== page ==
Step Parenting: Preparing Yourself For The New Role

Step Parenting

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“A step parent is so much more than a ‘parent.’ They made the choice to love, even when they did not have to.” This beautiful quote about step parents offers a stark contrast to what most people in society still perceive step parents to be. While being a parent is considered one of the sweetest and most emotional experiences in life, step parents can have it quite hard.

From accepting someone else’s child as your own to sharing that love and concern and putting in extra effort, there is a lot a step parent does. If you want to make this ride a little smoother for yourself, check out our step parenting 101 guide below.

3 Common Problems Faced In Step Parenting:

As a step parent, you do not want to look like the wicked witch or the evil step parent of fairy tales. In the real world, while there are many instances of happy blended families, it is true that there are also instances of problems and issues that a step parent and child face. Here are some of the most common step parenting issues and a way to take care of each:

1. Have Different Attitudes Towards Parenting:

As an adult, and as a parent (if you have biological kids), your approach to parenting could be different from your partner’s. One of the most important issues that you may face as part of being a blended family is to come to an agreement about what type of disciplinary structure and home routine you want to follow.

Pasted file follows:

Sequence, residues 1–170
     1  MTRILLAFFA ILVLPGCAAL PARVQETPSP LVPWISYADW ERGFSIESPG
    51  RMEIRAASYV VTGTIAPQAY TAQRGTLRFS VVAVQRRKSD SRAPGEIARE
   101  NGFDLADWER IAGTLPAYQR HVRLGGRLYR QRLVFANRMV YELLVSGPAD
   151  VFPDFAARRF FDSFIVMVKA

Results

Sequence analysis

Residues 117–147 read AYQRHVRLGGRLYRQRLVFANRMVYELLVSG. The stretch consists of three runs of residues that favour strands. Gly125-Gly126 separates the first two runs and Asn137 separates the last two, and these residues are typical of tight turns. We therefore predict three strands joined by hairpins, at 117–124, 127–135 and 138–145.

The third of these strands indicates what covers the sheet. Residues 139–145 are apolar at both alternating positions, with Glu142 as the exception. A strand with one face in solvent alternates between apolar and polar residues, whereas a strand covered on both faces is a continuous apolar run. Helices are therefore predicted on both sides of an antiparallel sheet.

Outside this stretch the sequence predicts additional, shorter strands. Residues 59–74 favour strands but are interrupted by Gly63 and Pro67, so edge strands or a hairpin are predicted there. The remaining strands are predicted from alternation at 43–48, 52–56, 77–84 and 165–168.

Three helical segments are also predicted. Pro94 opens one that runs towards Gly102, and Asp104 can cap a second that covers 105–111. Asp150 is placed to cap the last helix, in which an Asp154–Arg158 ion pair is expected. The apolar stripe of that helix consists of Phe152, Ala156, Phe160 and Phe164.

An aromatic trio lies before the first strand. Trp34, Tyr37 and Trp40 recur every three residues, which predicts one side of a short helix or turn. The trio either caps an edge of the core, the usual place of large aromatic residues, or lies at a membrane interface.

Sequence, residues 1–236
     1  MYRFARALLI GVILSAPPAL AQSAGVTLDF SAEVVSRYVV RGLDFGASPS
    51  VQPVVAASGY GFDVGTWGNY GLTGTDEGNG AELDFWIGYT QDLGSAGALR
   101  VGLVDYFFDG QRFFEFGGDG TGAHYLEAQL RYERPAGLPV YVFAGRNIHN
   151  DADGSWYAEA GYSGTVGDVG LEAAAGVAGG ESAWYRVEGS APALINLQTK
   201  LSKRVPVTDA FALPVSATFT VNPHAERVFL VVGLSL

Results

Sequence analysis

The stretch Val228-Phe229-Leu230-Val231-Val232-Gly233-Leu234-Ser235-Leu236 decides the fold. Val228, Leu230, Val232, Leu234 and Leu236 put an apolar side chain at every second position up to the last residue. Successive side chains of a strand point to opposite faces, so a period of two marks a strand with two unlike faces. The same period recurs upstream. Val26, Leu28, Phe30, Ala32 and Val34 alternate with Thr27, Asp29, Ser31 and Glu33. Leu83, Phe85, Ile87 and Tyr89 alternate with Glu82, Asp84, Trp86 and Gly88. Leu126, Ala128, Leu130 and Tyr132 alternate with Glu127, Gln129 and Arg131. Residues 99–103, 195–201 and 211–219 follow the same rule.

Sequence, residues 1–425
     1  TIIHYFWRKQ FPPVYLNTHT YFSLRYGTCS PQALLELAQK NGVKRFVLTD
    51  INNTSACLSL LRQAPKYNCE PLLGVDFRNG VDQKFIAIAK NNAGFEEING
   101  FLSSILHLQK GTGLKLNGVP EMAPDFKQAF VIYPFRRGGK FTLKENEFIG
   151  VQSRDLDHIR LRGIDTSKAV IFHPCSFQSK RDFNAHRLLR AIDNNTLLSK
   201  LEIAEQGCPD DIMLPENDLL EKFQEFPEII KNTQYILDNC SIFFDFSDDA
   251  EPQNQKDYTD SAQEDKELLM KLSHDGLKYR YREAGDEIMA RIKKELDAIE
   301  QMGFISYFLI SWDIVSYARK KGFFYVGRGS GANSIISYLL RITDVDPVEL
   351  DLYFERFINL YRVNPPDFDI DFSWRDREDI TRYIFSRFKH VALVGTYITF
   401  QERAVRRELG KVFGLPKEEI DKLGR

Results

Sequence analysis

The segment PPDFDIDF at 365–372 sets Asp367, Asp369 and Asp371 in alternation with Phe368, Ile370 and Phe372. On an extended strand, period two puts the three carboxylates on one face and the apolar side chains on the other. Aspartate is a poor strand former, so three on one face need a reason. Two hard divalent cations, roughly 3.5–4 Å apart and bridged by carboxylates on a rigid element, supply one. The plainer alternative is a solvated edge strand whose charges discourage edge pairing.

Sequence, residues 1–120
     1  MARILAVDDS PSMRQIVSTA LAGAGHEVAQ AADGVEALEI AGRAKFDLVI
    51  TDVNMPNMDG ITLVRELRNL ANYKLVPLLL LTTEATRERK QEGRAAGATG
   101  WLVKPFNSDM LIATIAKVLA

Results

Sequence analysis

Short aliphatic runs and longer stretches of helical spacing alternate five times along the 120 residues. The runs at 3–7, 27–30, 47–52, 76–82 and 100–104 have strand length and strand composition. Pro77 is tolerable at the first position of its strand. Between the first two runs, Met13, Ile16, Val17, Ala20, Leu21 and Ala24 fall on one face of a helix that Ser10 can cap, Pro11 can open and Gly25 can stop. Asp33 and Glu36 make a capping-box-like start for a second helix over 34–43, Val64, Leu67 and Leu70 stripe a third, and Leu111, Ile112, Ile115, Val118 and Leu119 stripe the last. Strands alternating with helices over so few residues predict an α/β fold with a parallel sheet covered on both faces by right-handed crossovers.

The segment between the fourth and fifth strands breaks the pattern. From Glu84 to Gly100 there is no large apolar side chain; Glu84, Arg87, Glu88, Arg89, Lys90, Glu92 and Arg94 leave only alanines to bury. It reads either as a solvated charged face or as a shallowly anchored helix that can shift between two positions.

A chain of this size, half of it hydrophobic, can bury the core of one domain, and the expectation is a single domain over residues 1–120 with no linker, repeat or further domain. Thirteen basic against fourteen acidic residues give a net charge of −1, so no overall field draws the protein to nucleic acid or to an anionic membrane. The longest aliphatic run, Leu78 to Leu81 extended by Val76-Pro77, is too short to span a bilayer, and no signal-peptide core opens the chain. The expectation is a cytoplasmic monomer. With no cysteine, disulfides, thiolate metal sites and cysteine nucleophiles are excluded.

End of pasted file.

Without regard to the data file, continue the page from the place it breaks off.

When you step into a family where your partner already has children, it can often mean that you are entering a zone where there are already pre-set expectations and assumptions made. Also, your partner may like to treat your step child in a particular way and may have a different way of punishing and awarding the kid. It is not necessary that you will be in agreement with it all, but it is important that you try and create a balance.

A Solution: Instead of confronting your partner, present your views in a friendly way. Try to refrain from adopting a preachy tone, which can cause your partner to feel threatened and insecure. Instead, say something such as “I know you already have your reasons and know what’s best, but I was wondering if you would like to try out so-and-so approach. I have seen it work, so maybe you too could try it if you wish.”

[ Read: Ways To Enhance Your Parenting Skills ]

2. Lack Of Respect – Nip It In The Bud:

When you are a step parent, you know that there will be some amount of hostility towards you in the family, especially from the kids. While it is advisable not to get into the relationship with an idea of being welcomed with love, you sure do not want to be disrespected.

Your step children may not like you and may not want to listen to you at all, but that does not mean they have the right to treat you with disrespect. It is one possibility you should still be practical about, and know that it can happen. In case you feel your step children disrespect you, do not retort with an equally disrespectful behavior. Instead, be the grown up that you are and handle it in a more mature and sensitive way.

Remember that your step children are going through a tough phase where they have to look up to you as a parent instead of the biological parent. Not only will they be confused about what led to the split and why the biological parents cannot get together, but also be angry.